Making glass beads for the first time! More at http://www.kimwerker.com/blog

When my friend Lisa asked if I’d take a day-long bead-making workshop with her at the Terminal City Glass Co-op, I signed up without even reading the description of what we’d learn. I’ll sign up to try pretty much anything that requires protective gear, really.

I realized early on in the class that I’m going to have a complicated relationship with bead-making, because I’m not generally big on shiny things. Those beads in the photo above are samples our instructor had on hand. They’re amazing, hey?

Only thing is, I wouldn’t want them. You know? The complicated part, of course, is that making them is amazing. Which I discovered over the course of the day.

Making glass beads for the first time! More at http://www.kimwerker.com/blog

As anticipated, there was danger and intrigue, and protective eyewear.

(Yes, I was the one student in the class to burn herself. Go me!)

Making glass beads for the first time! More at http://www.kimwerker.com/blog

The setup was pretty awesome. Each student had a workstation around a huge metal table that sat under the biggest range hood I’ve ever seen.

Making glass beads for the first time! More at http://www.kimwerker.com/blog

Those colourful rods are glass. That’s what we melted to make beads. For real, it was incredible. And chemical!

Making glass beads for the first time! More at http://www.kimwerker.com/blog

Believe it or not, the burn did not happen while I was taking this photo with my left hand while I held glass to a blowtorch with my right.

That’s one of the first two beads I made. We all started working with black glass because, though you don’t see it here, it turns a very conspicuous red colour when it’s hot. Super easy to see what’s going on.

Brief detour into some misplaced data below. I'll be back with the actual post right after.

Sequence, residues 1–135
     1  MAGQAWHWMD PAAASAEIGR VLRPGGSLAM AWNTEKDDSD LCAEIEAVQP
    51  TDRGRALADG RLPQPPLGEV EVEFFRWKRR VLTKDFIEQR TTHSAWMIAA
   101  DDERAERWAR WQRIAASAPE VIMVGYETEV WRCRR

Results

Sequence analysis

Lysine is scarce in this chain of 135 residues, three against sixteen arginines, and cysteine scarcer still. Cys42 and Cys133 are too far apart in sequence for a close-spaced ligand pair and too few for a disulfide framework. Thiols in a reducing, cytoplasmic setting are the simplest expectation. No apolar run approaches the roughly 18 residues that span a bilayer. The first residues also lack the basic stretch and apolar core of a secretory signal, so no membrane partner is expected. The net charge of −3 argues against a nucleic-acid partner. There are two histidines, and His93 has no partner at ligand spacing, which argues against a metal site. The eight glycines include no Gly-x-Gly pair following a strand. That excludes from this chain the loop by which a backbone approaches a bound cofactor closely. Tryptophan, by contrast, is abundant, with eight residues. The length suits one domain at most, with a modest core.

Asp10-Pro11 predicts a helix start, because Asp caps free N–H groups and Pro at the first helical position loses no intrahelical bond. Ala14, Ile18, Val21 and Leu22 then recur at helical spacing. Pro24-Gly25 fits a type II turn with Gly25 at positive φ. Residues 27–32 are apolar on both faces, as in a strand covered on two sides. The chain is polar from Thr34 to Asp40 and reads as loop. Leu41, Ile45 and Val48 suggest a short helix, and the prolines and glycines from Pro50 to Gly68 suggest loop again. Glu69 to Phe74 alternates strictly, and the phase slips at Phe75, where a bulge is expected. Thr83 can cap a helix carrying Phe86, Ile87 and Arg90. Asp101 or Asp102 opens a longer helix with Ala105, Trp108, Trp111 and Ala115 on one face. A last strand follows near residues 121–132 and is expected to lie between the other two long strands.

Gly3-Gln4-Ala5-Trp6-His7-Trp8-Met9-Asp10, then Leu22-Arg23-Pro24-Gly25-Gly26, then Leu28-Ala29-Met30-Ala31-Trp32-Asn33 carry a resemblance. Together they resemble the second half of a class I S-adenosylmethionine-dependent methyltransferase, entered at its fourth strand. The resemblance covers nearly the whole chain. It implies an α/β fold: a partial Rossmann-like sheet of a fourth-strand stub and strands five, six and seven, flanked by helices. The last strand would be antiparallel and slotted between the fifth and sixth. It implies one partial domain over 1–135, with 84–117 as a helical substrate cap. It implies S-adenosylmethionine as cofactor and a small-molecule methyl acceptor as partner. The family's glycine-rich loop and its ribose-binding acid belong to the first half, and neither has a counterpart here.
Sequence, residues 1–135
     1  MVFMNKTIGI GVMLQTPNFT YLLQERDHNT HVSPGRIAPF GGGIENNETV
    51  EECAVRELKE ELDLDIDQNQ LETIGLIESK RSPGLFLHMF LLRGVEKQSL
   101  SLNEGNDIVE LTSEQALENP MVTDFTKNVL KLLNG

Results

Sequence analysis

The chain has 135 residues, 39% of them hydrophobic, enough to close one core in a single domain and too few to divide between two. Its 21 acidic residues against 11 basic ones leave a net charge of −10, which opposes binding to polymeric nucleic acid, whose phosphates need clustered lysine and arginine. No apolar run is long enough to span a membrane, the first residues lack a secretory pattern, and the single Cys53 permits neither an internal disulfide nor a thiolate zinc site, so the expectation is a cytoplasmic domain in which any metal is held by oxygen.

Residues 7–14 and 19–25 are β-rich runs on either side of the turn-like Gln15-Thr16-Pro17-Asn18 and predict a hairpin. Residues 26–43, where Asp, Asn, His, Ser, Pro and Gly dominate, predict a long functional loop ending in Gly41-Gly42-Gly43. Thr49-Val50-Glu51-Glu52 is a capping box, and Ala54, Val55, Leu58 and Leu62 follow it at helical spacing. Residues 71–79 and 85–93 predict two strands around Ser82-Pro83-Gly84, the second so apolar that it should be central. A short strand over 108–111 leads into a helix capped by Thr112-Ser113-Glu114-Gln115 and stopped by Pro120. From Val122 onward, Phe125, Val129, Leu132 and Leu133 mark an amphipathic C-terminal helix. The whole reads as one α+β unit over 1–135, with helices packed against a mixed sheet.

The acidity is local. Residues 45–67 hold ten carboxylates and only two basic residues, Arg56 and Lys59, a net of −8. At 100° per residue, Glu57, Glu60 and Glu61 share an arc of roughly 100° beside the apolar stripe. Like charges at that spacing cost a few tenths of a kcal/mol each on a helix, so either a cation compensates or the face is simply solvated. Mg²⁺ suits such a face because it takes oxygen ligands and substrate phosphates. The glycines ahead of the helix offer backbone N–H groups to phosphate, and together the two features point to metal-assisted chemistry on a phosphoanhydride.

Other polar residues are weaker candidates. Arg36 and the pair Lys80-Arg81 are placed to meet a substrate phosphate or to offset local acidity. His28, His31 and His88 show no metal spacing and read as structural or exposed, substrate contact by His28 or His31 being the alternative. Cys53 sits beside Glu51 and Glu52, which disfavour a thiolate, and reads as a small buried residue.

The metal rod that’s holding the bead is called a mandrel. Same idea as the thicker rods ring-makers use. The end is coated in dried clay slip, which, when washed away, leaves just enough wiggle room for the bead to come off the rod.

Making glass beads for the first time! More at http://www.kimwerker.com/blog

In addition to beads, we learned how to make thinner/finer rods of glass we can use to do detailed colourwork (like adding dots, etc.). We learned how to twist two colours together, too. I didn’t manage to do it right this time. ¯\_(ツ)_/¯

Making glass beads for the first time! More at http://www.kimwerker.com/blog

The beads needed to cure in a kiln for eight hours after the class ended, so I went back to the Co-op a couple of days later to pick up my beads.

First I had to soak the mandrels to loosen the slip enough that I could wash it away. Then I wiggled the beads loose, washed more slip away, and liberated those suckers from their metal prisons.

After that, I used a diamond-crusted tool to file more clay away from inside the bead holes.

Making glass beads for the first time! More at http://www.kimwerker.com/blog

Et voila! It’s almost impossible to think that this is the entirety of what I made during a seven-hour class. But I learned so much. Lisa and I will go back to the Co-op for sure (she already has, actually). This is not something I plan to ever do at home (OMG the safety precautions), and I’m so glad there’s a place where I can drop in on one of their two weekly Newbie Nights to see if I can’t make it to the point that I produce something even and lovely.

Have you ever made anything from glass? What do you do with what you make? Share links in the comments!

PS After the workshop, before I collapsed from exhaustion, I told the kid that I’d tried to make a heart-shaped bead, just for him, but that it came out looking more like a wonky apple. Still, when I showed him the beads, he claimed that one for himself. ❤️

Making glass beads for the first time! More at http://www.kimwerker.com/blog